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Monday, April 23, 2012

Cinco de Mayo: Quick Facts and History

From www.kaboose.com
Did you know that…
  • Cinco de Mayo means “the fifth of May.” Many people believe it is Mexico’s Independence Day, but that is incorrect. (Mexico’s Independence Day is September 16.) Rather, Cinco de Mayo is the anniversary of a battle that took place between the Mexicans and the French in 1862.
     
  • The battle is known as the Battle of Puebla, and it celebrates Mexico’s victory over the French. It also marks a turning point in Mexican national pride. A small, poorly armed group of about 4,500 men were able to stop the French invasion of a well-equipped French army that had about 6,500 or even 8,000 soldiers. The victory made the Mexican people very happy, and helped create a feeling of national unity.
     
  • While Cinco de Mayo is a national holiday in Mexico, it is mainly observed in the state capital of Puebla. However, in the United States, it is becoming a popular holiday to celebrate Mexican culture. Kids and families can try delicious Mexican food, listen and dance to Mexican music, make and admire Mexican art, and shop for fun souvenirs and products at markets called “Mercado.”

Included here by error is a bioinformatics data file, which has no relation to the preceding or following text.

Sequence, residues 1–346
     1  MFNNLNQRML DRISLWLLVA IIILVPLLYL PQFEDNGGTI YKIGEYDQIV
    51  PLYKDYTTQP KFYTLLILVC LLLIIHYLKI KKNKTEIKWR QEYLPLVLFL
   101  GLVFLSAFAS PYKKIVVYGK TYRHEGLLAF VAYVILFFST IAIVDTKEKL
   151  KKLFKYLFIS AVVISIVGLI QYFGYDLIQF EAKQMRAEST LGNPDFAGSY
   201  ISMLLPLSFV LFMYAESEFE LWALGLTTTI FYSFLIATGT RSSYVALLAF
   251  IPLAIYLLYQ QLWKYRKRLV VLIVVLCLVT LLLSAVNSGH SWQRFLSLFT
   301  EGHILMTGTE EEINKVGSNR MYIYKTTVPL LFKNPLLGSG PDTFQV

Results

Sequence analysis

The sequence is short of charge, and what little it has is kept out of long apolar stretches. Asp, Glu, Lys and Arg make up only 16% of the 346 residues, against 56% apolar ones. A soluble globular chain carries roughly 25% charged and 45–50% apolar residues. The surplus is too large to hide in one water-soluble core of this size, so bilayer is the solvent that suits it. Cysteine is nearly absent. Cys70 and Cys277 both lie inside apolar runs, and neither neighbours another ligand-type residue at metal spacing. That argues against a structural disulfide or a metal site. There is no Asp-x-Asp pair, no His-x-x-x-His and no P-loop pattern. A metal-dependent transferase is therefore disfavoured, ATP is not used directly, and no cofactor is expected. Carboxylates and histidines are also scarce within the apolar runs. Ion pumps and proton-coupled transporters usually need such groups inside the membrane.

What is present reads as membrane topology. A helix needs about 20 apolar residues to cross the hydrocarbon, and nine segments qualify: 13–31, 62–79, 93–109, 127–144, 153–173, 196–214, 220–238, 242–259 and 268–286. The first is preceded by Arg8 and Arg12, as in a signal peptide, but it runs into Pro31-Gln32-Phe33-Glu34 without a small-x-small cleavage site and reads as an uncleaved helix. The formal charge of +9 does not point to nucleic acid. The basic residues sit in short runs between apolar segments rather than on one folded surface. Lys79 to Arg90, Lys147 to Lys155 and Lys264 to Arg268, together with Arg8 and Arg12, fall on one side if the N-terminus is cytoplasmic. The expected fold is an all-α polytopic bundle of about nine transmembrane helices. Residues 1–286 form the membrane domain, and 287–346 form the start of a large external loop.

• The largest Cinco de Mayo event in the world is held in Los Angeles, California, where more than 600,000 people celebrate with music and food. The whole event is called Festival de Fiesta Broadway. Two other big festival are held far from Mexico, in Denver, Colorado, and St Paul’s, Minnesota, but they draw hundreds of thousands of participants.  
     
  • There aren’t any specific foods associated with Cinco de Mayo, but traditional Mexican dishes such as enchiladas, burritos, guacamole and tacos are popular.    


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